Despite the popularity of GBM, some scholars have examined the empirical evidence for mean-reverting behavior in interest rates. Indeed, there are also compelling economic arguments in favor of mean reversion. When the rates are high, the economy tends to slow down and borrowers require less funds. Furthermore, the rates pull back to its equilibrium value and the rates decline. On the contrary when the rates are low, there tends to be high demand for funds on the part of the borrowers and rates tend to increase. This feature is particularly attractive without it, interest rates could drift permanently upward the way stock prices do, and this is simply not observed in practice. To capture this mean reversion of interest rates, Vasicek  assumed that the instantaneous spot rate evolves as an Orstein-Uhlenbeck process with constant coefficients. This process is defined as where , , and are positive constants, and is a Brownian motion or a Wiener process.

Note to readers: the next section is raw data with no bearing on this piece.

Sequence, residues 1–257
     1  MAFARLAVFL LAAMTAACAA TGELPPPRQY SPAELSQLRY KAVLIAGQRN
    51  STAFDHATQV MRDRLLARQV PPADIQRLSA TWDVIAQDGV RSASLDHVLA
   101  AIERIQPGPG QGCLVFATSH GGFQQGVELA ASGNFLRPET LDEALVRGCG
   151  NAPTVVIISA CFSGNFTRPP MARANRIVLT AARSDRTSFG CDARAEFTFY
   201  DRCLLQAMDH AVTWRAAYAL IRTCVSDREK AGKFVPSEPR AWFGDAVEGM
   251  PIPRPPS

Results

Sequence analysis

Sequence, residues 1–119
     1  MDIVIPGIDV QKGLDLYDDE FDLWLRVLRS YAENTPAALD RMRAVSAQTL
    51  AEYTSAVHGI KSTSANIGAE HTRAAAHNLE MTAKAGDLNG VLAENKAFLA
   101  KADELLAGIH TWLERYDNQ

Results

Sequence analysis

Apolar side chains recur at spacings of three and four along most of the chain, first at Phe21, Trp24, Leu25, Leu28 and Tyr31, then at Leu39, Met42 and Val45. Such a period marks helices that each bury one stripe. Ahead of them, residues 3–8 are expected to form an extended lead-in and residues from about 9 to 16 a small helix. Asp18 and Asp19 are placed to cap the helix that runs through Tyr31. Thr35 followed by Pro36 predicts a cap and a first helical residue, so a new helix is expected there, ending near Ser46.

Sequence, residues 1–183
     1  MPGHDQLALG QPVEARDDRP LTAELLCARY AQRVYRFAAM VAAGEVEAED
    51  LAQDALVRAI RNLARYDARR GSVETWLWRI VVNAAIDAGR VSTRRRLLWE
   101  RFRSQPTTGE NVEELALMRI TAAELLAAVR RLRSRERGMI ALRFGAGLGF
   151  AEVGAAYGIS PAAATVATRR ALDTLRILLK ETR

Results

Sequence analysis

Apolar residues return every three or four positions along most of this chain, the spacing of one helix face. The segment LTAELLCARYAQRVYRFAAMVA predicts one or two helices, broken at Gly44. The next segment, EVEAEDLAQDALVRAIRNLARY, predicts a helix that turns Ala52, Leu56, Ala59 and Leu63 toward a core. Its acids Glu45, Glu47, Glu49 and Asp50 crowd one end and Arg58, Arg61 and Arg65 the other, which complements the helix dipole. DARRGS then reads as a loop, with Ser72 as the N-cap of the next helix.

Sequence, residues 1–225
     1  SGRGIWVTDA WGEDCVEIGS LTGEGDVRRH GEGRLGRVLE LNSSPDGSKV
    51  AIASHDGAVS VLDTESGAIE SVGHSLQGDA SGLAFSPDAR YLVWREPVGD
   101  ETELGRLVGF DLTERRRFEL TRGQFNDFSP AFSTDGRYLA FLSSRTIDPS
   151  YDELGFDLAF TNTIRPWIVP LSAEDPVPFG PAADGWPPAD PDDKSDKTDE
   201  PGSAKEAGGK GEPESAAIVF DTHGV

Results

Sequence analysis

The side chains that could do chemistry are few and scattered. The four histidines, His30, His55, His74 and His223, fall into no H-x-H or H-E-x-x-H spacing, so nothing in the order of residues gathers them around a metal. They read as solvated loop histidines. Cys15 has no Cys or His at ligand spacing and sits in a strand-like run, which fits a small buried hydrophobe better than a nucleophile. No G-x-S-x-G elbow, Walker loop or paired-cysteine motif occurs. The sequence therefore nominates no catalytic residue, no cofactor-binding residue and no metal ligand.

Let us mention that the Vasicek model was the first one to capture mean reversion, which is an essential characteristic of the interest rate. In fact, the Vasicek model is a so called “mean reverting process.” When , the drift is negative; while , the drift is positive. Hence the drift is always directed to , and that may thus be interpreted as an “equilibrium level” or “long run mean” of the short rate . The parameter represents then the “strength” of this mean reversion, letting correspond to “turning off” the mean reversion effect.
2.4. Cox-Ingersoll-Ross Model
The major drawback of the Vasicek model is that the short rate , for each time , can be negative with positive probability. This is a major drawback of the Vasicek model. In order to overcome this problem, the Cox-Ingersoll-Ross (hereafter CIR) model came through.
The CIR model is the square root process that is proposed by Cox and Ross . This model has also been used extensively in developing valuation models for interest rate contingent claims. This model is expressed as where , , and are positive constants, and is a Brownian motion or a Wiener process.